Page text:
"In all honesty, I'm kinda frustrated as I shouldn't be dealing with these types of problems on top of a non user friendly program that I have to pay for. "
Photoshop is meant for professionals and heavy image editors in first place. Photoshop offers enormous power in image editing and that comes with price but we do not call it non user friendly.
Hi @Unansweredmvse ,
I agree with @Bojan Živković . Photoshop is the gold-standard when it comes to professional image editing. Some of us have built our professional careers around it. Comparing Photoshop Mix to Photoshop is like comparing a bicycle to a Ducati.
Based on what you describe, it might be worth your while to get an understanding of file formats save options. See https://helpx.adobe.com/photoshop/using/saving-files-graphics-formats.html
Let us know how you go
Hello. I know my statement might've been an exaggerated one without having known what was occurring. I'm still new to the editing world no matter how much I believed I know. Anyways, I get that I need to save in .png and I'm so thankful I used to keep some .png backups. Thank you for helping me understand this even so, and I'd like to ask you if you would you please take a moment to answer my newest thread concerning PS Mix and PS differences.
Yes, this is in fact an important point, which comes up all the time in various forms here in the forums.
The difference between a consumer product and a professional product is very clear and distinct: The former targets ease and simplicity of use, with resulting simplicity of function. The latter pushes advanced functionality as far as it can go, and leaves it to the user to figure it all out. Education and experience is the only way.
>The latter pushes advanced functionality as far as it can go.
I wish. Ps has barely budged since the late 90s and we're missing out more than anyone can imagine.
First off, I have learned my lesson with the .png issue, and will rather refrain from projecting any negative opinions out there. I consider myself a professional editor. And I loved photoshop Mix, which is why I am irked when.. things get too difficult. I don't get why I may not manually resize my layers in the project with exact coordinates by number, to let's say, resize them to fit each other pixel to pixel, so I can edit colors contrasts and so on in an image. I'm beginning to learn PS on tablet must be and is a nice program if you have photoshop on a desktop, and you can easily work around these little things, that unfortunately I've spent countless hours trying to do on the tablet. I started another thread to ask for answers about this but so far no one has answered. So I'm bringing it here. Here's a screenshot of me in an attempt to do this thing.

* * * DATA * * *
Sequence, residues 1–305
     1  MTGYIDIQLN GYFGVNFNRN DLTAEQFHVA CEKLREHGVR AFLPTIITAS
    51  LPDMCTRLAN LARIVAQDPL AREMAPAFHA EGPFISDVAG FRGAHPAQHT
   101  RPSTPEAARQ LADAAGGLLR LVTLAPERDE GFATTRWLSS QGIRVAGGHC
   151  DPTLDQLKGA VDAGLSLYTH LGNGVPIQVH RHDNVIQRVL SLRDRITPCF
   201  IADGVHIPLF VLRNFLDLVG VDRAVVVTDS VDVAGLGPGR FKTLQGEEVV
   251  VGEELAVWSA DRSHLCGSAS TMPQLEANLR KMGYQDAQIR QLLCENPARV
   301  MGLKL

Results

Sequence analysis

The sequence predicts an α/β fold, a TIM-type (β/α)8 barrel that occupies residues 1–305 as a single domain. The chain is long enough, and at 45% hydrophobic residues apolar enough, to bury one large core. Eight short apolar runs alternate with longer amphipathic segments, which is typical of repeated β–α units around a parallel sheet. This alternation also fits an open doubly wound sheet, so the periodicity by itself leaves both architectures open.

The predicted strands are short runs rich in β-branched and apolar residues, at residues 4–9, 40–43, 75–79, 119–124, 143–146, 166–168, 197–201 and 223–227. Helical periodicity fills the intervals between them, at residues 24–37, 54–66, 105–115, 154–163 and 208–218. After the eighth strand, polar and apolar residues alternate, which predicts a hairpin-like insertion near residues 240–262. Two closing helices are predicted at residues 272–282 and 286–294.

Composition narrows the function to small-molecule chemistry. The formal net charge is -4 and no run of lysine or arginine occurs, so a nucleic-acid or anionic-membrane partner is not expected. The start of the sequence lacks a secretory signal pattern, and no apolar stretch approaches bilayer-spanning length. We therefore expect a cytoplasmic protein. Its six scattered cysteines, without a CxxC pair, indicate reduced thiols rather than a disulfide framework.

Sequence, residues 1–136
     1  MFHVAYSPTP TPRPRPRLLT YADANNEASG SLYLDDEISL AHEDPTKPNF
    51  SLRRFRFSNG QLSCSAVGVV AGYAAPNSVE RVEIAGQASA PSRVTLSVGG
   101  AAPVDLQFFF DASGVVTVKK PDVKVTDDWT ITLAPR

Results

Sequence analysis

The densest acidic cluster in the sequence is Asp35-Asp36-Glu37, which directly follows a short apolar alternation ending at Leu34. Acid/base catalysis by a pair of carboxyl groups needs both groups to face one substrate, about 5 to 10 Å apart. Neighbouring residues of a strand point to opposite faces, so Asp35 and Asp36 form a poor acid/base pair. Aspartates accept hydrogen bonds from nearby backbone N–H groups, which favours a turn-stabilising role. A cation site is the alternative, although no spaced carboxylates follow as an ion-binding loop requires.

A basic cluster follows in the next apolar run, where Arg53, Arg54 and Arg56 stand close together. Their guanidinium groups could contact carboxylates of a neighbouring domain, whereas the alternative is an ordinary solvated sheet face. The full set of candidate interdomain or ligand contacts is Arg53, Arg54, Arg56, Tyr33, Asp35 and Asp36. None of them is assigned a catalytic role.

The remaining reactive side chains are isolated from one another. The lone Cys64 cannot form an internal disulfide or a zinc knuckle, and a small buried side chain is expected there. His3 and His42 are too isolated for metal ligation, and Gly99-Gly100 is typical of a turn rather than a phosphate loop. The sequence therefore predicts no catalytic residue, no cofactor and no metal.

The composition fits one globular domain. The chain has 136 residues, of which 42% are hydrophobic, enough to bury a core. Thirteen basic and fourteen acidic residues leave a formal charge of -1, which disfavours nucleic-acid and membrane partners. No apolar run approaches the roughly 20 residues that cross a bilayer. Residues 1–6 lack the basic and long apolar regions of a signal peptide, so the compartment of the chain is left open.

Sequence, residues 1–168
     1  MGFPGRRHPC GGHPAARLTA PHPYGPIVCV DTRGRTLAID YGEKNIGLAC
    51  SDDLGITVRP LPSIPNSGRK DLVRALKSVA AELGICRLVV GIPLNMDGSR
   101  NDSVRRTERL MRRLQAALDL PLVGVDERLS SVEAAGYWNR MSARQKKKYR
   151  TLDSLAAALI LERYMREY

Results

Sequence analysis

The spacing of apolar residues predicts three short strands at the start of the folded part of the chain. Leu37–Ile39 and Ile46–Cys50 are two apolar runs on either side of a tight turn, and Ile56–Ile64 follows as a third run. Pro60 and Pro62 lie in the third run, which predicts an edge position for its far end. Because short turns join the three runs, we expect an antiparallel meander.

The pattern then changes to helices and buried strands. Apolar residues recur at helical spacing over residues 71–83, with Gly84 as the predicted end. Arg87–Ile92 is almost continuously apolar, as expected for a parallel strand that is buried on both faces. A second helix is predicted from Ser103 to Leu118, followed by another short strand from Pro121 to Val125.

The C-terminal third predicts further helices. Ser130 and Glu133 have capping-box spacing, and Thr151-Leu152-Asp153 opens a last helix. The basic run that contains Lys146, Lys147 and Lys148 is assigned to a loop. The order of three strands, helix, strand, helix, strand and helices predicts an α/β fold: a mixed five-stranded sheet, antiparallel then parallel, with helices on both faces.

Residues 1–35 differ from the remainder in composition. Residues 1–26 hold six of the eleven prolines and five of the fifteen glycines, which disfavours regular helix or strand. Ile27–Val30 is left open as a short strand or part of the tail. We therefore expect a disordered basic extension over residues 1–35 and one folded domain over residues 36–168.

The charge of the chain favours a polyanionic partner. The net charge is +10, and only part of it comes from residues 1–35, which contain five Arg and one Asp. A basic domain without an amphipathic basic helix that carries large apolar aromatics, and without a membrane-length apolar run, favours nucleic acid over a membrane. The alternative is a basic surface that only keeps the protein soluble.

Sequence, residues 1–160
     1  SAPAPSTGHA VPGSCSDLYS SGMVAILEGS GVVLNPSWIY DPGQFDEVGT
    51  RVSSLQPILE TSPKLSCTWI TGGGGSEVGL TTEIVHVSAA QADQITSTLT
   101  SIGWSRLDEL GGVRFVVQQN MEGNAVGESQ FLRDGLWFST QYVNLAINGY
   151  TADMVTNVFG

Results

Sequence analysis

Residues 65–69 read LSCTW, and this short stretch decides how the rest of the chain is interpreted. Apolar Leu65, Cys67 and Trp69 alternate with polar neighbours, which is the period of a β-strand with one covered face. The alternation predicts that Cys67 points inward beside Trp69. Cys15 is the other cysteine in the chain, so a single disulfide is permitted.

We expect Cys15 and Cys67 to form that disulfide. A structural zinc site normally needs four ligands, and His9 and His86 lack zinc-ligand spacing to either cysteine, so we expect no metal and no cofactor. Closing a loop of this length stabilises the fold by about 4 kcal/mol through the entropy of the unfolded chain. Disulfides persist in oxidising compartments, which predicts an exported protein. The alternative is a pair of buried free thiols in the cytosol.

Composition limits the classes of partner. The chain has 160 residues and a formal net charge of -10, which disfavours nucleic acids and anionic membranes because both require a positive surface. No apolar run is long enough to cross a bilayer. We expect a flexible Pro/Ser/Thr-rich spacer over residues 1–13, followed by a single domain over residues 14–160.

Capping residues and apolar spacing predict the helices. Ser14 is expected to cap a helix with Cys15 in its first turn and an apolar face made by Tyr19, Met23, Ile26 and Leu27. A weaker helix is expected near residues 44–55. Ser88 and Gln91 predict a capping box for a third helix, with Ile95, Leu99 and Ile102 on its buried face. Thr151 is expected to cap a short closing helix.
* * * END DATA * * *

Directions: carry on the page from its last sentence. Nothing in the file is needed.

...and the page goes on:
@Kukurykus hi can I call you Kuk?
I'm not sure whether you're having trouble deciding on which idea/question in which to reply, you're helping tidy up things or you're just stumped at giving me clear professional answers. But I am shocked nevertheless at the level of support from each and every adobe community personnel that can't answer such simple questions. Thanks and don't even bother.
Yes you can 🙂 The thread I linked is one you mentioned of. I thought that may be useful for someone that wants to help you. As to me I'm not working for Adobe, so if I help I do it only at subjects that are interesting for me. And yes, you may meet me sometimes tidying up the sections I visit 😉
>I'm still new to the editing world no matter how much I believed I know.
>I consider myself a professional editor.
Everything you've said in this thread is incredibly confusing and often contradictory, and now you're here attacking people because they can't understand what in the heck you're talking about?
Dude okay, sounds right. Well you win that argument then. Not. Skill doesn't always have to do with experience. I could still do what someone else does, it might take longer. We're always aiming to improve more. If you still can't answer why I can't create equal sized layers, then you probably aren't a professional yourself.
Keep your tone respectful. Earth Oliver is one of the most experienced professional image retouchers that you will meet. Your image size did not change, the file size on disk did and the reason for that - file compression - was explained earlier.
If you do not understand the answers then by all means ask for clarification, but refrain from personal attacks.
And I don't think I was attacking anyone, it's just ridiculous how many hours I continue to waste on these feature issues that everyone is pretending don't exist. Am I better off trying out a program like Magic Eraser or?
Loll this is not solution to the problem 😉